We moved countries from our Delhi days, kids have grown up, we kept in touch as and when, sometimes no contact for months to years, but every-time I am reminded of her, I instantly feel the warmth of the friendship and a sense of happiness. She has since then moved back to India and lives in Tamil Nadu, and now we are more in contact, more calls, and are there for each other at the buzz of the app, yeah Whatsapp!
It is a wonder how sometimes the small meet-ups, talks or chance encounters stay with us over the passage of time, always fresh as if they had occurred in the present day. I cherish these connections of mine, the individuals who have made an impact on me, whose simple and humble natures left an imprint that has remained fixed somewhere in the mind. I feel one needs to give time and make efforts to keep these warm relations the source of our daily happiness. I am thankful for few wonderful people who have crossed my path and are part of my life.
Now moving to making the Sweet Pongal. This is the way I make this dish in my kitchen, the recipe might not be the exact traditional way of cooking, but its my style of making Pongal. I generally like less sweet and hence I add less sugar or jaggery, hence do increase the quantity of these ingredients as per your taste.
Rice: 1/2 Katori
Water: 2-2 1/2 Katori
Jaggery: 70-100 gm (Use self discretion for the preferred sweetness and increase the quantity)
Cashewnut: 25 gm
Raisins: 25 gm
Freshly Grated Coconut: 2 Tbsp
Almond Slices: For Garnish
Green Cardamon powder: 1 Tsp.
Ghee: 2 Tbsp
Milk: 1/2 cup. (one could cook the rice in milk)
Wash and soak the rice in water for 10-15 min.
Pressure cook the rice adding double the amount of water in ratio to the rice. For half a katori of rice add 2 1/2 katoris. Cook to 3-4 whistle of the pressure cooker so that the rice is cooked soft.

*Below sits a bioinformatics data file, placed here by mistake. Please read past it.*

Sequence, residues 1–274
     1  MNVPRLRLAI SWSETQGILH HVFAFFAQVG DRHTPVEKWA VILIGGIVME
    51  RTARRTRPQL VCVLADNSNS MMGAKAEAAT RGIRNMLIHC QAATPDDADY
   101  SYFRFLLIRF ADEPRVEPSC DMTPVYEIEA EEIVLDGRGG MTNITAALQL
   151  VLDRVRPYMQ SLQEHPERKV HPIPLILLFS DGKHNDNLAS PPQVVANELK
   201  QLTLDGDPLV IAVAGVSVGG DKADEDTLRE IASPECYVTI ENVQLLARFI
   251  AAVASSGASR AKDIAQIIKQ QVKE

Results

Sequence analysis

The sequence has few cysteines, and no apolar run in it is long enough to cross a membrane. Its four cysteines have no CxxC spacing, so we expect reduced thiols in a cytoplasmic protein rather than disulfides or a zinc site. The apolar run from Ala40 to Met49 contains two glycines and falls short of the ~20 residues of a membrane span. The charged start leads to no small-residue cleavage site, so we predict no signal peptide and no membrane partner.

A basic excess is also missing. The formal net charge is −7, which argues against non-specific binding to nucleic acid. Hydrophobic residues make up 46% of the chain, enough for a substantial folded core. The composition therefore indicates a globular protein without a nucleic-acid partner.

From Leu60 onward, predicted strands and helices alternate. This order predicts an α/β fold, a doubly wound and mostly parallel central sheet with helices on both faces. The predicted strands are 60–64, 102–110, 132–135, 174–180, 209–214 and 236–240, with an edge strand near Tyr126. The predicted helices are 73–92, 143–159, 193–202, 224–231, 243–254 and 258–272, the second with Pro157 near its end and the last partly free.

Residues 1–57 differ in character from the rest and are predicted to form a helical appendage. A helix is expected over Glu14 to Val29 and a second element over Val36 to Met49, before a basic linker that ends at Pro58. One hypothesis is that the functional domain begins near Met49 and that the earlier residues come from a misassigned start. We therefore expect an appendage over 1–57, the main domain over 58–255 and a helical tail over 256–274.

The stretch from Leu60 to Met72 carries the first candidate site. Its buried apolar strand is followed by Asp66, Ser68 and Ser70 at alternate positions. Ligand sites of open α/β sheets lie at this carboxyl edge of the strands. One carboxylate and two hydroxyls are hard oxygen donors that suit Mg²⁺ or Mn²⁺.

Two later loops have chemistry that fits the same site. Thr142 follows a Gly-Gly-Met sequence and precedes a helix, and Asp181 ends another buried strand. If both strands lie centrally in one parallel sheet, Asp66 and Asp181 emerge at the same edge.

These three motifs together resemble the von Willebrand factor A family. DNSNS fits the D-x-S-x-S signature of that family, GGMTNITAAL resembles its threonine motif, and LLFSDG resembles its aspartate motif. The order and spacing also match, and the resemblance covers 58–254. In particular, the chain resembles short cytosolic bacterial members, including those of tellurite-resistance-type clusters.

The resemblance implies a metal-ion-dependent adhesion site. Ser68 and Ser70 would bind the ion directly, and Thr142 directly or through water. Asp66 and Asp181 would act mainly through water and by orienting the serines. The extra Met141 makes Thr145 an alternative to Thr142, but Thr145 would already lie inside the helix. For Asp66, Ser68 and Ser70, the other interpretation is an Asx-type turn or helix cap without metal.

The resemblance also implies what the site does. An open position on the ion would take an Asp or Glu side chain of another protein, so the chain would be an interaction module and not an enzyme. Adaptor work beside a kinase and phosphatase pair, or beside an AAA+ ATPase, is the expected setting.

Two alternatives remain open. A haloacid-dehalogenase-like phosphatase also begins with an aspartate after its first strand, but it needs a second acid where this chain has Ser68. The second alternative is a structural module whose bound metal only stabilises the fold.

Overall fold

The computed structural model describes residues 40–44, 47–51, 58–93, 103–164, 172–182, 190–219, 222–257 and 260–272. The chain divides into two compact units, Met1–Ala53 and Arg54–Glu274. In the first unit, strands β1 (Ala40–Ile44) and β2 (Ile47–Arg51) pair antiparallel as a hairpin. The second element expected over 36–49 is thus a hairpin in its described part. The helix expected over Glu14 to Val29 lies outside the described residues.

Heat pan and mix the rice and milk, with continuously stirring this so that milk gets mixed and dries.
In a Kadai or pan heat the ghee, fry the cashews and raisins, taking care not to burn. The cashew nut should be lightly golden in colour. Keep them in plate.
Add the jaggery to the ghee in kadai, and with continuous stirring melt the jaggery, care should be taken that it should not burn. It should not be cooked for long or it would become thick and hard. Add the cooked rice and mix so the jaggery gets mixed evenly with the rice.
Add the fresh coconut and cardamom powder and mix. Then add the fried cashew nuts and raisins.
Remove in a serving bowl and garnish with sliced almonds.
This is the picture of the prasad that I made today. I used the jaggery that was little dark in color, and hence the darker color of the rice.
I made this prasad today on the occasion on Vijayadashmi/ Dussehra, a Hindu festival of India. My mother would always make another sweet called Basundi, my favorite on this special day of mine, which is made by evaporating milk. I made Basundi just a couple of days ago.
I enjoyed writing my thoughts about the dish Sweet Pongal Rice, and I am the only one in the house who loves eating this!!
Tomorrow is the weekend in this part of the world. You all too have an awesome weekend, friends.